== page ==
While we were preparing to leave Australia and were raising our support, we were asked many questions about iKhethelo and Lily of the Valley, South Africa, fundraising, HIV/AIDS, and more. We compiled a short list of our frequently asked questions to help you learn more about our ministry. If you have additional questions, do not hesitate to contact us.
How has HIV/AIDS affected the children at iKhethelo and Lily of the Valley?
Many of the children at iKhethelo and Lily of the Valley are HIV infected and most of them have been orphaned because of AIDS or abandoned as a result of their illness. Through the use of ARV (anti-retroviral) medication the majority of our HIV infected children are able to live relatively normal lives, although some of the children do suffer with side effects from their medication and tragically a small minority do succumb to illness as a result of HIV/AIDS.
What is the process for a child coming to live at iKhethelo or Lily of the Valley?
All of the children are placed at iKhethelo and Lily of the Valley by social workers with a court order in place, which is renewed periodically. All of our children’s parents are suffering from or have died of AIDS. Some of the children are HIV positive, some have been abandoned or raped, others physically and/or mentally abused. Children are placed at iKhethelo or Lily of the Valley when their families and the community in which they live are no longer able to support and nurture them.
Are the kids at iKhethelo and Lily of the Valley eligible for adoption?
Some of the children are eligible for adoption, while some still have parents or extended family that are alive but unable to properly care for them. The social workers at iKhethelo and Lily are always working to reunite children with their families or find adoptive families for a child if they are eligible for adoption.
Who runs iKhethelo and Lily of the Valley?
iKhethelo and Lily of the Valley Children’s Villages are operated by the Abethenjwa Trust. The Abethenjwa Trust is a Non-Profit Organisation in its own right. Graeme Wright is the Village Manager at iKhethelo, with about 20 paid staff. There are also many volunteers, ranging from a short term (several months) to long term (several years) serving at iKhethelo and Lily of the Valley.
Will you have to take precautions to protect yourselves from contracting HIV/AIDS?
The main ways that HIV is spread is through blood transfusions, sharing of needles, mother to child (in utero, at birth, breastfeeding) and intimate relations with an infected person. HIV is not spread through casual contact. You can’t get HIV from mosquitoes, toilet seats, breathing the same air or other common myths. Unfortunately, myths and fear has only added to the rejection and loneliness many who have HIV/AIDS experience. We will take part in basic HIV/AIDS training upon our arrival and take necessary precautions, but it’s important to recognise that those infected with HIV/AIDS need the same love and relationships as every other human being.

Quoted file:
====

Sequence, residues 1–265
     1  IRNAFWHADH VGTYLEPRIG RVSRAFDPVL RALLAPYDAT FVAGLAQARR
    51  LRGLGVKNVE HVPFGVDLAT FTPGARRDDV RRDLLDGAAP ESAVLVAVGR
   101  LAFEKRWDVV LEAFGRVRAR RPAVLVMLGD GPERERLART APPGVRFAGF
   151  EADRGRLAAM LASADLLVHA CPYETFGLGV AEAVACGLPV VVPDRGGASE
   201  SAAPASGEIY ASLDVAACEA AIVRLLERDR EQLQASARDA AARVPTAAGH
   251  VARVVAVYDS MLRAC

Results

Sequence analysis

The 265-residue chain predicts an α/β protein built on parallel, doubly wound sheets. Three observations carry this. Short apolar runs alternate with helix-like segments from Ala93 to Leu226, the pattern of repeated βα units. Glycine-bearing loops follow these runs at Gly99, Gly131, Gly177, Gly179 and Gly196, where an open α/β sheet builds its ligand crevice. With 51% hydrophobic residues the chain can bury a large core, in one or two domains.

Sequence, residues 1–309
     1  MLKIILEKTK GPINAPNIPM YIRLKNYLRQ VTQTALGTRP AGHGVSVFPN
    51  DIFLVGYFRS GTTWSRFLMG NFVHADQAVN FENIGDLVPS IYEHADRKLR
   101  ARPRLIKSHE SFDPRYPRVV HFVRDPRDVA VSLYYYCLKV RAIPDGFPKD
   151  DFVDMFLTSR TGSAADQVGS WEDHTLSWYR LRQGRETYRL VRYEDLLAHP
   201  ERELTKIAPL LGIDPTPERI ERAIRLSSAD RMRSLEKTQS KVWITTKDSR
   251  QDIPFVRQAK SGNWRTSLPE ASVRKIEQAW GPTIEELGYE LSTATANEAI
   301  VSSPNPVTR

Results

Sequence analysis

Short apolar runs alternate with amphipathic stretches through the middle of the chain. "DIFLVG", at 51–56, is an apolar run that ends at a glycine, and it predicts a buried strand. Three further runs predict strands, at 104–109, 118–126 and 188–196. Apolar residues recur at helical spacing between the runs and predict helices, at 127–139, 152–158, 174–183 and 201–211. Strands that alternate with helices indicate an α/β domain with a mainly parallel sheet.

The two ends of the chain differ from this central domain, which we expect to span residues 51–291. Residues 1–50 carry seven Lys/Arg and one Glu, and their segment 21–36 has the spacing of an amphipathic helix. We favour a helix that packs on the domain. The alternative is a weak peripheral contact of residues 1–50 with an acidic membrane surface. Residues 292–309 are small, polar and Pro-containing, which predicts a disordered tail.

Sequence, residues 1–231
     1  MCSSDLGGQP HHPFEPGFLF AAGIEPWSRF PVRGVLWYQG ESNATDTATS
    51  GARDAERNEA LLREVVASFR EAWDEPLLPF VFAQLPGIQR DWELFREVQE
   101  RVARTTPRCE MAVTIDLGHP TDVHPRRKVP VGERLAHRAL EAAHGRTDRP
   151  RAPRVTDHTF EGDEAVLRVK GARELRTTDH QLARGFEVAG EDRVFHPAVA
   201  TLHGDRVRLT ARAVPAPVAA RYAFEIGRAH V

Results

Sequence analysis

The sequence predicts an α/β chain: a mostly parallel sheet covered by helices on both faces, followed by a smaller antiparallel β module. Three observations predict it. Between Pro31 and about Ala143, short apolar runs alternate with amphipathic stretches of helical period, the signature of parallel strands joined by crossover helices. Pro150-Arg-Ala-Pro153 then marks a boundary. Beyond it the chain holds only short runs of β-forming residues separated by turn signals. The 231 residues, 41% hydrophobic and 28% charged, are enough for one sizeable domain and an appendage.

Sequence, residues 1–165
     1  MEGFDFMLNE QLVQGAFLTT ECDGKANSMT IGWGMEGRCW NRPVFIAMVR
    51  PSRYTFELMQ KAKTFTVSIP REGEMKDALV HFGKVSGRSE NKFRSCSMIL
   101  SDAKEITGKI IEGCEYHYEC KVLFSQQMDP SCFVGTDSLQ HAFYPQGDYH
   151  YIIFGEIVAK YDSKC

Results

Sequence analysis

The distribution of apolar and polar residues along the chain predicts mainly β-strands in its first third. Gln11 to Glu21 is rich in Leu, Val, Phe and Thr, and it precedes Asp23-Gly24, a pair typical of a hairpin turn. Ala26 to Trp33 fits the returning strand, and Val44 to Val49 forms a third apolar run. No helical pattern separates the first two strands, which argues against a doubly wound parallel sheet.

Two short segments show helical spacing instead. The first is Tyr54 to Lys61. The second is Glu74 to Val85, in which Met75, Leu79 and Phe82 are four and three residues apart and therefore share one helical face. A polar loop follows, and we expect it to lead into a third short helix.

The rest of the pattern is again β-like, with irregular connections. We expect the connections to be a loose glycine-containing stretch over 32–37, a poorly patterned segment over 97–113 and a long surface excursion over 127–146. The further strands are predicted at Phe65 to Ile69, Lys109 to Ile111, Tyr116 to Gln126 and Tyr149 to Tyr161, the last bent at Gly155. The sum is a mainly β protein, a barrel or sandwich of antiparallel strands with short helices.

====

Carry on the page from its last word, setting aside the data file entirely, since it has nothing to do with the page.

Is South Africa safe?
Unfortunately crime in South Africa is a problem and Lily has been affected by this, despite having security fences and guards. It is important for us to always be vigilant and practice common sense safety, and of course pray for God’s protection.
Once on the field, what can I expect from you in the way of communication?
We are passionate about staying connected with our prayer and financial partners. We want to share how your support is making a difference in these children’s lives. We have been so encouraged by the support we have received as we have been preparing for our ministry in South Africa and are excited to continue on this journey with you. We will be using regular email newsletters, as well as Facebook as our main channels for updates from iKhethelo. We also want to know what is going on in your life and how we can be praying for you; so don’t be shy about sending us an email or Facebook message!
We would like to support you, when should we begin? How much do you need?
You can find detailed information about our financial needs by visiting the Partner with Us page. One-time and monthly gifts can be made at any time. Monthly gifts can be made electronically, or can be sent in by mail each month. Prior to departing for South Africa, monthly gifts will be applied towards our one-time needs. The sooner you can begin giving, the sooner our one-time needs will be met.
SIM requires that we have 100% of our one-time needs raised, and 100% pledged for our monthly needs before we can leave for South Africa. They do this so that while on the field we can focus on our ministry, and not our funding.
Wow, you have to raise a lot of money! Are your support figures higher than other missionary organisations?
They are not. There are numerous components that make up the support requirement of a missionary. In general, 60-70% of which relates to salary, housing, a vehicle and taxes. The balance includes medical insurance, retirement, passage to and from the field, and service costs. As far as service costs go, SIM falls into the 50th percentile when compared to other missions organisations, and from our perspective seem relatively low compared to the benefits we receive. We are so thankful to be a part of an organisation like SIM. They handle most of our finances and logistics so we can truly focus on our ministry!